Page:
Quin Somerville is a 30 year old professor who had a long time association with Ruth’s father. When he arrives in Austria to collect an honorary doctorate arranged by Professor Berger (Ruth’s father), he finds that through a mix-up, Ruth has been left in Vienna and the rest of her family are in England. The only way to get Ruth out quickly is via a marriage of convenience (I love marriages of convenience!). On arrival in England, Ruth and Quin resolve to obtain an annulment as soon as possible but they are advised by his lawyer to wait until Ruth has gained British naturalisation, else an annulment may put her ability to remain in England at risk. They ought not to have anything to do with one another however, so as to preserve the status quo and make the annulment, when it eventually occurs, a little easier. That said, the lawyer does not expect it will be easy without a medical examination of Ruth (something Quin does not wish to impose upon her). A divorce is a possibility but they cannot even apply for three years and even then, it will not be difficult to obtain. Quin and Ruth keep their marriage a secret because reasons (which make sense enough) and only the lawyer knows the true state of affairs between them. Ruth only tells her parents that a mysterious benefactor helped her get to England and, while her parents have their suspicions, they are content not to pry.
At the time all of this is taking place, Ruth believes herself in love with Heini, a second cousin once removed and a musical prodigy. He is a selfish pain in the arse if you ask me but it takes Ruth a very VERY long time for her to see any of that and even when she does, she forgives him for much of it because of his great talent. (*gag*).
Ruth had been offered a place at University to complete her Honours degree in Zoology so as to follow in her father’s footsteps and because reasons, ends up at the same university where Quin teaches palaeontology. Even though Ruth tries to stay out of his way, they do bump into one another and have various interactions and it gradually becomes clear that Quin has fallen head over ears for her. When Ruth finally catches up (she is very slow with this and it literally takes some physical manifestation of love before she sees it at all), things are looking up.
Then there’s a Big Misunderstanding and it all turns to custard up until the last few pages. The Big Mis is my least favourite trope in romance. When something is important, when something means a lot, why not go and ask “I heard this and I thought it meant that. Am I right or did I misunderstand?” Or “what did you mean by this because I thought you might mean that and I wanted to check before I acted upon a wrong assumption.” But neither of them do that and so for months (which, fortunately, takes up less page time than it could) they are apart when they could have been together and that made me STABBY.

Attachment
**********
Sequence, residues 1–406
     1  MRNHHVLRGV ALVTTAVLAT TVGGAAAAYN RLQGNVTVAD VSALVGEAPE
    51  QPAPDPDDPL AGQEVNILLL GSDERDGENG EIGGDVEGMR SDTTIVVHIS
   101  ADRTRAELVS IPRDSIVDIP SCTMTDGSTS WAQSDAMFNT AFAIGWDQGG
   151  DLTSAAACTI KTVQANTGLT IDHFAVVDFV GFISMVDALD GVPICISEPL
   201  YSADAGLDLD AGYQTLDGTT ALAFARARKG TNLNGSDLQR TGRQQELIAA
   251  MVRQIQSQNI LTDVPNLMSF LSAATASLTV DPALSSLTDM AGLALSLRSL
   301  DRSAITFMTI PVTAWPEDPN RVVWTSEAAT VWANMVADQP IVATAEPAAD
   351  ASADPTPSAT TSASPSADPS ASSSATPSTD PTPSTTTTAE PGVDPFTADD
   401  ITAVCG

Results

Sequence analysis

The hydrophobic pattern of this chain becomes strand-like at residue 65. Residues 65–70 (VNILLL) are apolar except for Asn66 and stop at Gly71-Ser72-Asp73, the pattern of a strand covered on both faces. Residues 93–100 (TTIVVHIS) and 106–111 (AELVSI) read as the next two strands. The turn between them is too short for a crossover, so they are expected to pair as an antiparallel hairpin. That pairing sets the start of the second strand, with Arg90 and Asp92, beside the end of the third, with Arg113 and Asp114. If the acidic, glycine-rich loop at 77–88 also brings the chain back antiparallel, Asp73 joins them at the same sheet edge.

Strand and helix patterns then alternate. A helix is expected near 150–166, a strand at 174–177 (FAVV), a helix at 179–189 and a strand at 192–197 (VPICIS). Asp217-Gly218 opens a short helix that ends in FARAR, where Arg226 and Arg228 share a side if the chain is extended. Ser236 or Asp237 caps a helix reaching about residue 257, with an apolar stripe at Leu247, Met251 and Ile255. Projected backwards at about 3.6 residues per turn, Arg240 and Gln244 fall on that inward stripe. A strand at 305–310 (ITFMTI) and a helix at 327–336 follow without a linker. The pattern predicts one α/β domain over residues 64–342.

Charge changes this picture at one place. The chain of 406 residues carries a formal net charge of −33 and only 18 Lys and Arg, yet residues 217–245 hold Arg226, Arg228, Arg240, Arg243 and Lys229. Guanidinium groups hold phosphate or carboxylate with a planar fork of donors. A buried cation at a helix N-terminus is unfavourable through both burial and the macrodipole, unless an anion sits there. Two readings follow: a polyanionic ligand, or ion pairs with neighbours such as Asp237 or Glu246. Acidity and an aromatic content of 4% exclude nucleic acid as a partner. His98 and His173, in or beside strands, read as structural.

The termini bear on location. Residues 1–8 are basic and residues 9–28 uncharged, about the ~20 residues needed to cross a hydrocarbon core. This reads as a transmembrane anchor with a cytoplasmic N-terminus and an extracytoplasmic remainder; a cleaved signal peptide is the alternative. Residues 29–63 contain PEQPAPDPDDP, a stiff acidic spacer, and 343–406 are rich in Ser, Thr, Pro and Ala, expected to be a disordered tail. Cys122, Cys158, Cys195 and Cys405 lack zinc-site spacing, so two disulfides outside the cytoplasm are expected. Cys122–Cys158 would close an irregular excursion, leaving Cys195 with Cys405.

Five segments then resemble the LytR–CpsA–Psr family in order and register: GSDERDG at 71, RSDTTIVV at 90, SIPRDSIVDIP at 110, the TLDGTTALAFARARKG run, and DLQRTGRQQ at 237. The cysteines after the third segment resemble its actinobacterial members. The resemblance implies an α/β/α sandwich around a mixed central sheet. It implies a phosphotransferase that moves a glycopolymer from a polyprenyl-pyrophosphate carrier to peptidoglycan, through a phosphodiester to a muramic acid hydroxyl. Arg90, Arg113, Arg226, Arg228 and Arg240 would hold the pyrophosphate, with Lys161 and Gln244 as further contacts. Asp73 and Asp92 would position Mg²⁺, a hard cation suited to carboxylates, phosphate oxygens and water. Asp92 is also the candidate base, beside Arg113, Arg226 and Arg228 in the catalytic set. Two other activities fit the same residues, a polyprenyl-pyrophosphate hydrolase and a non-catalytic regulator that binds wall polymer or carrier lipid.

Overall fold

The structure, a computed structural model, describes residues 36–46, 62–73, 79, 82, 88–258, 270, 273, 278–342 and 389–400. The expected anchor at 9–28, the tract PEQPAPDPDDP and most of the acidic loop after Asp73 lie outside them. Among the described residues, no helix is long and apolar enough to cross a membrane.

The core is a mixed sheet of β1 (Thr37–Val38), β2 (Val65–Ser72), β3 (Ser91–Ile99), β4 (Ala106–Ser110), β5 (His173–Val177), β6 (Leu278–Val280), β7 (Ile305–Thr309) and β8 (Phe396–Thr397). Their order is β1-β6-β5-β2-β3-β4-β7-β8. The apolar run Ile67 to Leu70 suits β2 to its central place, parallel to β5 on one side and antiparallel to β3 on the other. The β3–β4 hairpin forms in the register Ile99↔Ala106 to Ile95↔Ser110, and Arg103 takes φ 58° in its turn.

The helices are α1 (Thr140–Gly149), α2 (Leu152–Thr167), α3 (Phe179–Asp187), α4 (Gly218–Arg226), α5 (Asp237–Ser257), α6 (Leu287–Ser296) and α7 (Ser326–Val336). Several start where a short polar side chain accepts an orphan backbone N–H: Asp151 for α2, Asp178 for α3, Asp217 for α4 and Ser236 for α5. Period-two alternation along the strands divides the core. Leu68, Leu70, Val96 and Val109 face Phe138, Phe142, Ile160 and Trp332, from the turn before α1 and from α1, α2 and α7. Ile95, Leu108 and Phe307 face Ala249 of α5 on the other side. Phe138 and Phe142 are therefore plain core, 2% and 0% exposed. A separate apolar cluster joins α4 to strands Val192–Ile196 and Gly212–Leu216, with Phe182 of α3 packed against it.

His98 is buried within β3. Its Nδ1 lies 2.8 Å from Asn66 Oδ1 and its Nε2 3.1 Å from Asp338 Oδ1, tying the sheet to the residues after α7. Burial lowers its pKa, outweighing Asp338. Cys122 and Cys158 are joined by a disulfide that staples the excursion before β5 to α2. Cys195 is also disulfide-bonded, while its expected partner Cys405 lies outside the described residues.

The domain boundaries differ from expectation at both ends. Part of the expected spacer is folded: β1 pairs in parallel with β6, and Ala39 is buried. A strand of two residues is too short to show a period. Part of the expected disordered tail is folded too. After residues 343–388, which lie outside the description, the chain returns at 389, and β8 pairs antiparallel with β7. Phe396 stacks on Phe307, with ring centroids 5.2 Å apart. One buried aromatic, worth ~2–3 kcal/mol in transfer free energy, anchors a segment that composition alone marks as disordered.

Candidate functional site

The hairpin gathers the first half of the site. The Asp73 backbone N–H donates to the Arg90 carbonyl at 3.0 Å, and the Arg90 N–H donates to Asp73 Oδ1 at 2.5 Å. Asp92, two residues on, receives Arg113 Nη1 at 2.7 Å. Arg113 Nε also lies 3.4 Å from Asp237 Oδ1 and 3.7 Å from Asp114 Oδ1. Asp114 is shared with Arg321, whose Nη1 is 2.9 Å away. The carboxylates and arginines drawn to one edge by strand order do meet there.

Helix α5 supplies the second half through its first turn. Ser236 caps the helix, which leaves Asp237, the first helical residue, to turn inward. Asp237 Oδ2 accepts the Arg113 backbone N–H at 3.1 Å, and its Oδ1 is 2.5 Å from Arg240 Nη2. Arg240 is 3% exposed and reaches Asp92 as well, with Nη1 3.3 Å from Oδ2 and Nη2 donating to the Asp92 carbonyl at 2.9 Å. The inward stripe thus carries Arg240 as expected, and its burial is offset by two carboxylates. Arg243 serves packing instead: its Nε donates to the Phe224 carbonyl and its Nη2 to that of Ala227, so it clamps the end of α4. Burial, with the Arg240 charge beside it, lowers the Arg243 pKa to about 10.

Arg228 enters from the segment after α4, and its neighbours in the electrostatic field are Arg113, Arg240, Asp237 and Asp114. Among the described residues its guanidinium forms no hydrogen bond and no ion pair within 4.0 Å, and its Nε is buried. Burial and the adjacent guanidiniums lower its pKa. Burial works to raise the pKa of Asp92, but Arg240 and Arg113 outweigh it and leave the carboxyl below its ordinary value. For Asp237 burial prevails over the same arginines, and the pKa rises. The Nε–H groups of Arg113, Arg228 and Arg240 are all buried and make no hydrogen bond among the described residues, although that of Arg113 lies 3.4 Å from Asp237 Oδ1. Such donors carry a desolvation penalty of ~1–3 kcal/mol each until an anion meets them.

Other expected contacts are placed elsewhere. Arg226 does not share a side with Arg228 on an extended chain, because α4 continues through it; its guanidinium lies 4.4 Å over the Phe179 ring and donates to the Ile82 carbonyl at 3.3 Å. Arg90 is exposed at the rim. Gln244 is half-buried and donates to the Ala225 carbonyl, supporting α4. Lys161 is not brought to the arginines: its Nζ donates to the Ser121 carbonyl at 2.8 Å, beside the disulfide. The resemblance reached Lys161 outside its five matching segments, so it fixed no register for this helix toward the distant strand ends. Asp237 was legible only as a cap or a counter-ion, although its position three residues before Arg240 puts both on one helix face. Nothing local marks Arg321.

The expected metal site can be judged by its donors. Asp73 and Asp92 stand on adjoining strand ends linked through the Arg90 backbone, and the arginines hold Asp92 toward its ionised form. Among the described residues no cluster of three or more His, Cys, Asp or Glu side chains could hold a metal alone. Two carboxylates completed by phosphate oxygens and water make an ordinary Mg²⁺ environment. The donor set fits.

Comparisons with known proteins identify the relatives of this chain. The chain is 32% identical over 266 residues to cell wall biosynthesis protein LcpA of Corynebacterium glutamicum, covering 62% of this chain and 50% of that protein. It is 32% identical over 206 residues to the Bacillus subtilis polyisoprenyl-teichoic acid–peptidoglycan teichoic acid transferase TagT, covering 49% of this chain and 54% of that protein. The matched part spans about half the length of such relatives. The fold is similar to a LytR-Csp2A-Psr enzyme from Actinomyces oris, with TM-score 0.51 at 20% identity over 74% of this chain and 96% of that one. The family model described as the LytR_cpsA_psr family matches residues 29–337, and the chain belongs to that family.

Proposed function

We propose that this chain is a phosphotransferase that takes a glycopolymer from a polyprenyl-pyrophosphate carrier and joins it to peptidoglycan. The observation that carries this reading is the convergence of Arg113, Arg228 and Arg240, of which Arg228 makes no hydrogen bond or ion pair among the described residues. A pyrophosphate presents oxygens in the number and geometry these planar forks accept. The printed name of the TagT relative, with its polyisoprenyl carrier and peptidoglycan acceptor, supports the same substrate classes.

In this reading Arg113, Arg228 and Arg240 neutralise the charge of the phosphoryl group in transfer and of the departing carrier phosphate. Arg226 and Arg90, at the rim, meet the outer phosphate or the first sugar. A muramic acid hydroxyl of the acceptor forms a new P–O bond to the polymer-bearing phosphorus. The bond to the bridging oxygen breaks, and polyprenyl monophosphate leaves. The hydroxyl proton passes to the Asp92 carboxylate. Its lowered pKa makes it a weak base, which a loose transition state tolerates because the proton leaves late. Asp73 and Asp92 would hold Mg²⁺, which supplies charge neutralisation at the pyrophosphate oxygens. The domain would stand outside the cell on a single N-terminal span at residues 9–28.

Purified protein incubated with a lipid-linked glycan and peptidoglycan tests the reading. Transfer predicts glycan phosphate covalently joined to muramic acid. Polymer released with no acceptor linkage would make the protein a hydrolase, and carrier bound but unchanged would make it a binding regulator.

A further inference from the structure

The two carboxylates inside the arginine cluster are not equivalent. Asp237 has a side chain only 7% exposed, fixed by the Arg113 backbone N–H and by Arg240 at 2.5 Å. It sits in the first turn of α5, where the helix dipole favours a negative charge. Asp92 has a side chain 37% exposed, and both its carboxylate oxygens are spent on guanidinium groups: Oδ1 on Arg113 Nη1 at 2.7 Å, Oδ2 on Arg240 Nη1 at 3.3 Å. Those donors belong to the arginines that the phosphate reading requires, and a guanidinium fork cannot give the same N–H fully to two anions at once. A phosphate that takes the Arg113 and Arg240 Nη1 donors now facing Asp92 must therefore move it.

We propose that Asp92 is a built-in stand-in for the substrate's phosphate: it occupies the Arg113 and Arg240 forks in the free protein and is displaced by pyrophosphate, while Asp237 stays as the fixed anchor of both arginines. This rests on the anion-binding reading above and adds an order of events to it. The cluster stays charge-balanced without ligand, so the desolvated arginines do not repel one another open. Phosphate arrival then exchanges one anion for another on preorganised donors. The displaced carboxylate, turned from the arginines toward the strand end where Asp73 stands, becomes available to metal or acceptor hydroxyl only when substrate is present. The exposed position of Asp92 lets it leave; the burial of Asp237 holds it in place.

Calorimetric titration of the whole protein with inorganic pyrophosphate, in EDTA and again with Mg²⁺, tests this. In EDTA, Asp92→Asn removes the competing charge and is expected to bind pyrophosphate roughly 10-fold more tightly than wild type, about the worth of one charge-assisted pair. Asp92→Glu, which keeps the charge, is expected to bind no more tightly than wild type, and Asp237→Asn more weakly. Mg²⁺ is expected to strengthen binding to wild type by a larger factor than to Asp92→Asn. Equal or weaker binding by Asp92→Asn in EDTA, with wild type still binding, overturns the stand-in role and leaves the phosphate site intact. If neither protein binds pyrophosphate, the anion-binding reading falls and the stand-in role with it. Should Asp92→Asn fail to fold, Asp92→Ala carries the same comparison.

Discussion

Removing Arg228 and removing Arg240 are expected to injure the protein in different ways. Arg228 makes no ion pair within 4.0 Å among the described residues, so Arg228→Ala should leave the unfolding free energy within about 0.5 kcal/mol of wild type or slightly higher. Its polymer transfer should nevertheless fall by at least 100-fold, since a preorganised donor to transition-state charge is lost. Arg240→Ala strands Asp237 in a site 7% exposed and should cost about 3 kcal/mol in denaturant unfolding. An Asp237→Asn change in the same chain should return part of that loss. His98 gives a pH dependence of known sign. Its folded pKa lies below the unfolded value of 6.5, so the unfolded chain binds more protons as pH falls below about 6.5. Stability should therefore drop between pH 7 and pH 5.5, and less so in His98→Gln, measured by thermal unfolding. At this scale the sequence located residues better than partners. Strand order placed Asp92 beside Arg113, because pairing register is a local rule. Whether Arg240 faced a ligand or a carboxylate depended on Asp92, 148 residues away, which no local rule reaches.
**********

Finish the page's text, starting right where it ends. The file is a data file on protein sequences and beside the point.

While I could understand the reasons for their Big Mis, I still thought it not unreasonable for one of them to ask a freaking question already instead of making assumptions. Grrrr.
Anyway, because I hate Big Mis’s and because if I haven’t read it, it hasn’t happened yet, I skimmed all the angst and frustration until they sorted it out.
What else? Once I settled into the story and realised it read like an old fashioned rom com, where the hero is a long suffering guy who is hopelessly in love with the heroine who gets into all sorts of scrapes with the very best of intentions, I was really enjoying the story. Then the Big Mis happened and much of the goodwill which had been built up was lost.
It is a grown up book but it is not explicit and there is not a huge amount of interaction between the two protagonists. I prefer my romances to have more time with the protagonists together but I was able to go along with it here for the most part. It wasn’t the angsty read I had been expecting but I did enjoy it – for part of it I even had a lot of fun. But the final section left a bit of a sour taste in my mouth.
I did appreciate the epilogue which briefly drops in on the main cast after the end of WWII. With the main story finishing just as the war had been declared, this was kind of necessary to ensure the HEA stuck.